14 Dec
14Dec

You may or may not have heard of the phrase “winter blues” but it refers to the seasonal depression that some individuals suffer from, coined as SAD (seasonal affective disorder). It can occur in the seasonal change to summer; however, it is most commonly experienced, and experienced more severely, during the transition to winter. With 20,000 reported cases of it each year, it is important for employers to consider how this will have implications on their employees and business. 

Symptoms of SAD

 The symptoms are similar to symptoms of depression. Some symptoms of SAD are: 

  • Persistent low mood.
  • Low energy.
  • Very tired in addition to sleeping for longer. Affected individuals report it being far harder to wake up in the morning and sleeping during the day more
  • Increased hunger which causes increased weight gain. This can have a further negative impact on mental health due to the negative body image that can arise, worsening disparity and guilt
  • Irritable

Why does it occur?

 Symptoms of depression can arise in seasonal change due to the disturbance to our hypothalamus (a part of the brain) and our circadian rhythm (internal body clock). The hypothalamus is responsible for the production of lots of important hormones that affect our bodies. Therefore, when it is dark it causes the production of melatonin which is a hormone that makes us feel tired. In the winter months our days are “shorter”. We are exposed to less sunlight therefore we produce more melatonin, causing us to feel more lethargic. The reduction in sunlight also causes us to produce less serotonin which is the hormones responsible for our mood (making us feel happy), therefore this increases the likelihood of low mood. Disturbance to the circadian rhythm is also caused by the lack of sunlight as our bodies use it to time our sleeping patterns/ when we wake up. 

How to help alleviate symptoms of SAD:

  • Exercise. exercising promotes the production of serotonin which will improve overall mood. It could also be beneficial to exercise midday through methods such as walking or cycling, to get as much exposure to natural sunlight as you can.
  • Natural light exposure. In addition to exercising midday and outside, we encourage you to sit by a window where possible to increase your exposure further. The more natural light you receive the better!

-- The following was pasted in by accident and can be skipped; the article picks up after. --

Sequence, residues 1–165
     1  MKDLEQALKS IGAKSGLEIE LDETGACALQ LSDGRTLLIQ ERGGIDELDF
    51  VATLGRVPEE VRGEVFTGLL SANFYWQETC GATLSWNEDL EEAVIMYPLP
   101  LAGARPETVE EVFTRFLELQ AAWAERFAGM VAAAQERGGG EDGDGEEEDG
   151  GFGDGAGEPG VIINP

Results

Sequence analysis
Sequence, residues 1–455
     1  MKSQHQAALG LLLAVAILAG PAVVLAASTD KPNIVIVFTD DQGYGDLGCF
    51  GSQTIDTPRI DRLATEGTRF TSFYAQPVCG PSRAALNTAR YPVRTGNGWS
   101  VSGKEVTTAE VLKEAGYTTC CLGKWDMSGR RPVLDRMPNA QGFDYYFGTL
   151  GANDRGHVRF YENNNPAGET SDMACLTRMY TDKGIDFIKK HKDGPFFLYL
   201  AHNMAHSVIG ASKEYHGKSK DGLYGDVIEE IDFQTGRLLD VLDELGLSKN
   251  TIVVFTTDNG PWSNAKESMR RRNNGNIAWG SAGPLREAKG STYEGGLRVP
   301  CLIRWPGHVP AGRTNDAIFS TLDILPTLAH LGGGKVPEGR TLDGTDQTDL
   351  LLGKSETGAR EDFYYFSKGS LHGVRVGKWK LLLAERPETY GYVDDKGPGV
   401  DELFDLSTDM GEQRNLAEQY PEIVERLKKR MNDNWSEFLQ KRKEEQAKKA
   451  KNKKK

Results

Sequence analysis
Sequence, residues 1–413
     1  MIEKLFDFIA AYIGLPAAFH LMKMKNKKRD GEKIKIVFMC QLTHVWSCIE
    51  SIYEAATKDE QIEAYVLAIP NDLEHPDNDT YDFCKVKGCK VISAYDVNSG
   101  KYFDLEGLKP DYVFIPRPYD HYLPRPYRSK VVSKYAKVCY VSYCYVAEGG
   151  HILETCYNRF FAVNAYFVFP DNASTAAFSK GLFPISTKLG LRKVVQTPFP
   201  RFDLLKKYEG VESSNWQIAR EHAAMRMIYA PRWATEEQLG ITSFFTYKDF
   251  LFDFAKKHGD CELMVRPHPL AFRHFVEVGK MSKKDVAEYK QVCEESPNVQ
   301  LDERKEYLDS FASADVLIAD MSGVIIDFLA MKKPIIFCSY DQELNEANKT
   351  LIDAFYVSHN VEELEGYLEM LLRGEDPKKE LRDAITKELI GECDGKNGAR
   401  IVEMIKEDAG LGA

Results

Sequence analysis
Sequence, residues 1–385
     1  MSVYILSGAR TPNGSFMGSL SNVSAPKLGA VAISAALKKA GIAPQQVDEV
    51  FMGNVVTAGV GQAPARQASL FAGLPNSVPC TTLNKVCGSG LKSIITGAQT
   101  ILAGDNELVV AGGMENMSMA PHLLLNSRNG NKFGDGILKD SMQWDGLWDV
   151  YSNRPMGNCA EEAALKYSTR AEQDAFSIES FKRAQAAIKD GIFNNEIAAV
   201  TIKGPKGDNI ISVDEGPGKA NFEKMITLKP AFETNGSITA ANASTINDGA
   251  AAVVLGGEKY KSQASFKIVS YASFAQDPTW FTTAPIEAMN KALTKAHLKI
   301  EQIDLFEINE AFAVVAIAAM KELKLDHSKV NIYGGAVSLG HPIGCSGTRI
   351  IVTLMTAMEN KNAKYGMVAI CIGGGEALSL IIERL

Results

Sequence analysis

• Keep warm. Some research suggests that being cold can make you more depressed and that SAD suffers can be halved by staying warm alone. We recommend wrapping up warm, opting for hot food and drink options and putting heaters on at work or heaters/candles/fireplace on in the home
  • Although our bodies natural craves more carbohydrates during the winter months, keeping a well-balanced and healthy diet, with a recommended portion of carbohydrates paired with plenty of vitamin rich fruit and vegetables is optimal. Not only will a healthy diet boost our mood, but it will also prevent unwanted weight gain which can negatively implicate on body image and wellbeing.
  • Light therapy. Exposure to light is not always possible which is why we recommend light therapy which uses a special light box/lamp to mimic sunlight, causing our bodies to simulate the internal processes that natural light does in the warmer months.
  • Dawn simulator alarm. You could invest in this type of alarm which works by mimicking sunrise by gradually getting lighter to wake you up gradually.
  • If all these methods fail, we recommend seeing you GP who can recommend alternate methods like therapy/ counselling or medication such as SSRIs (selective serotonin reuptake inhibitors) known as anti-depressants.

Recommendations for employers:

  • Maximize the amount of natural light your workplace has access to by instilling more windows and using natural light over artificial if possible.
  • Providing heaters to keep employees warm. This not only will boost mood, but it will also increase productivity and efficiency as they will be able to focus on their tasks opposed to their temperature/ being uncomfortable
  • If you supply your workplace with complementary snack and condiments, switch them out for healthier alternatives to minimize the chances of unwanted weight gain
  • Consider investing in training for managers, in particular, but employees too to ensure your business is able to recognize early signs of mental health conditions. This will help to address issues before they become severe. This training will also mean affected individuals will receive the appropriate support if issues to arise.
  • Consider implementing regular mental health assessments during periods of seasonal change so that no one’s mental health deteriorates under the radar.
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